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IrishEdit

EtymologyEdit

From Old Irish deil (a straight piece of wood in various applications).

PronunciationEdit

NounEdit

deil f (genitive singular deile, nominative plural deileanna)

  1. lathe (machine tool used to shape a piece of material)

DeclensionEdit

Derived termsEdit

VerbEdit

deil (present analytic deileann, future analytic deilfidh, verbal noun deileadh, past participle deilte)

  1. to turn, shape with a lathe

ConjugationEdit

MutationEdit

Irish mutation
Radical Lenition Eclipsis
deil dheil ndeil
Note: Some of these forms may be hypothetical. Not every possible mutated form of every word actually occurs.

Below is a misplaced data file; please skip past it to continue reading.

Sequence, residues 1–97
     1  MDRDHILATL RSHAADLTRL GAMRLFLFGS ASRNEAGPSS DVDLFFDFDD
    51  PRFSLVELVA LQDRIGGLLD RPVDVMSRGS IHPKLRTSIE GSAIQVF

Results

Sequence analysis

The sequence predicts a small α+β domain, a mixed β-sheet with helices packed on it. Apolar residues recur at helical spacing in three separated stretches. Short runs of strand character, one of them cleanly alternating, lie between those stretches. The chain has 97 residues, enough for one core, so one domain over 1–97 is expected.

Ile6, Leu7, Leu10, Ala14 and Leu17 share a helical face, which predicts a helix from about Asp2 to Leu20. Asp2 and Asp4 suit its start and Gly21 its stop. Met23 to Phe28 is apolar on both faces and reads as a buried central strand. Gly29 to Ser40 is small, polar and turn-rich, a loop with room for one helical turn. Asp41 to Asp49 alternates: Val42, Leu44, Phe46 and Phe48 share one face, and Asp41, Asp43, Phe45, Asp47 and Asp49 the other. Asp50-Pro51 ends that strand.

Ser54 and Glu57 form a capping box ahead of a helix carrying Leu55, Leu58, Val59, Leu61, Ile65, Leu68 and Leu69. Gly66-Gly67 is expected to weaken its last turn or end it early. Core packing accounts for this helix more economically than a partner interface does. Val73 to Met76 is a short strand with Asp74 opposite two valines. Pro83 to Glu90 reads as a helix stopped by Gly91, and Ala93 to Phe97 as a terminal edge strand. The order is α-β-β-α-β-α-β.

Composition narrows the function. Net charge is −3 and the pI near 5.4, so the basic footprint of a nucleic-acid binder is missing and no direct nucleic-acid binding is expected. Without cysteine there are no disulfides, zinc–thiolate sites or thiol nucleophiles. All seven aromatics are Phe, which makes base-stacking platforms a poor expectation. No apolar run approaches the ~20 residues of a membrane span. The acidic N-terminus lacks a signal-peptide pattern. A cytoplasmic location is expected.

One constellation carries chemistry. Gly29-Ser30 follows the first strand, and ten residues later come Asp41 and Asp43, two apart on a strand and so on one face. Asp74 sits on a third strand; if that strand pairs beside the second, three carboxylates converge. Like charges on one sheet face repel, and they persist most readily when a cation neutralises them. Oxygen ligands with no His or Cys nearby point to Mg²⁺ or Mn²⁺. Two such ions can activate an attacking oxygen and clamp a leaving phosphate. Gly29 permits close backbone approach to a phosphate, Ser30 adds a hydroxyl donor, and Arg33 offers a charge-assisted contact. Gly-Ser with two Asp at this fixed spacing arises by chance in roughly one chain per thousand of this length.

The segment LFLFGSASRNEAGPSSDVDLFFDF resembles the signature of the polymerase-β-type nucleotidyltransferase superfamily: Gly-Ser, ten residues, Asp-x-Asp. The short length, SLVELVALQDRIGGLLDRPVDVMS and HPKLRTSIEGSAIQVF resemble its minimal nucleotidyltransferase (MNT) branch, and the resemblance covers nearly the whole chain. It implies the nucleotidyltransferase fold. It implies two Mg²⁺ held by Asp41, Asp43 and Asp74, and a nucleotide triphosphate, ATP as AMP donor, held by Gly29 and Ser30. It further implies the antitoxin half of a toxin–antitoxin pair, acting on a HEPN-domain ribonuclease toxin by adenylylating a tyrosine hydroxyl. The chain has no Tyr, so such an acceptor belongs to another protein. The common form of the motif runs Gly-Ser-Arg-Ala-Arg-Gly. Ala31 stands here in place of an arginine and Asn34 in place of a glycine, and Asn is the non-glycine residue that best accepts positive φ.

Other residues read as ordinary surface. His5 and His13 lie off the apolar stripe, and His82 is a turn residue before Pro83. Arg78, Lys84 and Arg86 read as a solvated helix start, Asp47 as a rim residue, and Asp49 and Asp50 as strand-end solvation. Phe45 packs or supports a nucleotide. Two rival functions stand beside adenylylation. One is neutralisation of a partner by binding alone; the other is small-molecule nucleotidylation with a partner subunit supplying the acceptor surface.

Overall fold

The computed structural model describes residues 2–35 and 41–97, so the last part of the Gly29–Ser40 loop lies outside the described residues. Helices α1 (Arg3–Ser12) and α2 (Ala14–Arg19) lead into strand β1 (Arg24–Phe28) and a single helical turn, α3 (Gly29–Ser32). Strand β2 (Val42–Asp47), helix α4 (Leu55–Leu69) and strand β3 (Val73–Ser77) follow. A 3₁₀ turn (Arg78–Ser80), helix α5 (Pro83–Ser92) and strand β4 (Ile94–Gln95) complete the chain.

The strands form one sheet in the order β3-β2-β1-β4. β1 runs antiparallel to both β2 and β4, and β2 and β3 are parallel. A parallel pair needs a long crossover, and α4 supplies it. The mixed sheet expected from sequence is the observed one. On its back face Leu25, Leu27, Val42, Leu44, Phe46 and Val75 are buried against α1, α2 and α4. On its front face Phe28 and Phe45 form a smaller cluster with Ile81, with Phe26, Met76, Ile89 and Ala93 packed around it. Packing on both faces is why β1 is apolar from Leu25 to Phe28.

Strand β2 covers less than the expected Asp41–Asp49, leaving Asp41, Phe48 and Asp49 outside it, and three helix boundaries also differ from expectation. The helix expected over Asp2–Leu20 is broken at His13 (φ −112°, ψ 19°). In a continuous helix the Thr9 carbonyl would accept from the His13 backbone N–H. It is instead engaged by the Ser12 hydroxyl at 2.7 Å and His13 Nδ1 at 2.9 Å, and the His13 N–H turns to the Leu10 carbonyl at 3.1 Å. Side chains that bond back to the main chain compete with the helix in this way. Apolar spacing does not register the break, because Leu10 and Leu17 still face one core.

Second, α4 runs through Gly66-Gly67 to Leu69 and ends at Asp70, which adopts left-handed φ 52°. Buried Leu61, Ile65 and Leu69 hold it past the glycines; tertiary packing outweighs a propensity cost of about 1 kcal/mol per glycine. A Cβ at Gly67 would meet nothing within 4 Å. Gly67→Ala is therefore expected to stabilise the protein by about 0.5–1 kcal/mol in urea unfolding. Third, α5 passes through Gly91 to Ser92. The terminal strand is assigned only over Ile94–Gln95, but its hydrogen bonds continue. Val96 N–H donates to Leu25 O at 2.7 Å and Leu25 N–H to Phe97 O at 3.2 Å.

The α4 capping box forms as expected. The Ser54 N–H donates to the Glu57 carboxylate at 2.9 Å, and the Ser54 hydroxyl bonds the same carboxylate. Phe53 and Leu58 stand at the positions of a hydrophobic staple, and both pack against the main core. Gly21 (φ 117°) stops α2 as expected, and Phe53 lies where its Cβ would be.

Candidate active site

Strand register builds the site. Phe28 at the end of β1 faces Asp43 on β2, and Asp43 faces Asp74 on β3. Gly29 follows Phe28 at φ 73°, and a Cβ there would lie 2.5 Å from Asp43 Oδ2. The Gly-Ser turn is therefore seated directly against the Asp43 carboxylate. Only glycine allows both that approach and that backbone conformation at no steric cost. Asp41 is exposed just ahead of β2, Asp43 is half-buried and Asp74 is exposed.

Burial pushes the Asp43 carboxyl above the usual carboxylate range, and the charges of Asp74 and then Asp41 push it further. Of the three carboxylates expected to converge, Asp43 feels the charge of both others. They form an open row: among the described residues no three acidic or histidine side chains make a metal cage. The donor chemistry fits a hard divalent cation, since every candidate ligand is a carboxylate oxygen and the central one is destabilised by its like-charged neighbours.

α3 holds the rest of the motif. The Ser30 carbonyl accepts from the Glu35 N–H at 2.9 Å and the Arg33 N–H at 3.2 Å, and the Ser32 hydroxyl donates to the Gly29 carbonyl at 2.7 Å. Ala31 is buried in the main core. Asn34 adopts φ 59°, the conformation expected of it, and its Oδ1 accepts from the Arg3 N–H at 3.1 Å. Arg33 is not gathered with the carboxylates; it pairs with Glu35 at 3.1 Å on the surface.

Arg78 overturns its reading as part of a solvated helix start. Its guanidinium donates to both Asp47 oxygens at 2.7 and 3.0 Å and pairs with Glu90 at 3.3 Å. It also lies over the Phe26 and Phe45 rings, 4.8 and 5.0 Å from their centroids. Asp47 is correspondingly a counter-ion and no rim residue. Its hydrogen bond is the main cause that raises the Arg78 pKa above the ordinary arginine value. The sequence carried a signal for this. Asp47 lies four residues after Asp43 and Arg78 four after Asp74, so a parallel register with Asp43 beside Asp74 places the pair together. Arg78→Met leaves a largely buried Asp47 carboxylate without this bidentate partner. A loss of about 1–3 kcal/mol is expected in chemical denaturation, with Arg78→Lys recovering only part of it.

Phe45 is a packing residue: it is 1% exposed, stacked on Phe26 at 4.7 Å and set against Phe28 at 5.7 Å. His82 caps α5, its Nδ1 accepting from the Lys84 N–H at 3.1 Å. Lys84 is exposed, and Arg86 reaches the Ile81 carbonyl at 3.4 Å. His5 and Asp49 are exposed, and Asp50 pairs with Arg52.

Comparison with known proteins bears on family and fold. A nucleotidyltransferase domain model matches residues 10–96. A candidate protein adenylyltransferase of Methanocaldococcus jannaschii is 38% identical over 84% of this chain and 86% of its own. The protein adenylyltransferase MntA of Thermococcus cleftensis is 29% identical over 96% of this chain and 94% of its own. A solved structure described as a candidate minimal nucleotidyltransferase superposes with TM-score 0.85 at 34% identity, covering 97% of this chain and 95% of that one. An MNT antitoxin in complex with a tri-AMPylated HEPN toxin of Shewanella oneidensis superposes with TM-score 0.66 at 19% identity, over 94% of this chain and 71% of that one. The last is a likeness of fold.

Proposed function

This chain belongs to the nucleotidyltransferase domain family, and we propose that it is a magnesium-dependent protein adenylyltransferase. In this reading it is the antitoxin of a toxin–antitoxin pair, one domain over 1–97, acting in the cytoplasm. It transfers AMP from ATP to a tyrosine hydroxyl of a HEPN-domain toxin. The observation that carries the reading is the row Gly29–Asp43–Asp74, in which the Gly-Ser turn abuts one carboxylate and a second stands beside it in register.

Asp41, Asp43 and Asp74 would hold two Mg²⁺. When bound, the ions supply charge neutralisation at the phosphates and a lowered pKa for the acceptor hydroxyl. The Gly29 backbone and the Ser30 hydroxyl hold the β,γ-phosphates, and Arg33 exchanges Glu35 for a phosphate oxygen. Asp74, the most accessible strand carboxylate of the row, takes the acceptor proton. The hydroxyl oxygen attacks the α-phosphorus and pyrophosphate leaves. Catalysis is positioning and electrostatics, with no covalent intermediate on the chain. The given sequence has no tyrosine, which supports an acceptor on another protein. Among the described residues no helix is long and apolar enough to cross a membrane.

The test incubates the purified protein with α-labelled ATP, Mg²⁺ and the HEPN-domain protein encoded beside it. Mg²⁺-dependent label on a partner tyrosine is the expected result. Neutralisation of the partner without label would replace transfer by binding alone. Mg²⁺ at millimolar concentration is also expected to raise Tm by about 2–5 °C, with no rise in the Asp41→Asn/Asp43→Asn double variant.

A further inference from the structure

Further readingEdit


Middle EnglishEdit

NounEdit

deil

  1. Alternative form of del

ScotsEdit

Alternative formsEdit

EtymologyEdit

From Middle English devel, from Old English dēofol.

PronunciationEdit

NounEdit

deil (plural deils)

  1. devil
    • 1827, Sir Walter Scott, "The Highland Widow" ch. 2, in The Chronicles of the Canongate:
      Those in the Lowland line who lay near him, and desired to enjoy their lives and property in quiet, were contented to pay him a small composition, in name of protection money, and comforted themselves with the old proverb that it was better to "fleech the deil than fight him."

WelshEdit

VerbEdit

deil

  1. third-person singular present indicative/future of dal

MutationEdit

Welsh mutation
radical soft nasal aspirate
deil ddeil neil unchanged
Note: Some of these forms may be hypothetical. Not every
possible mutated form of every word actually occurs.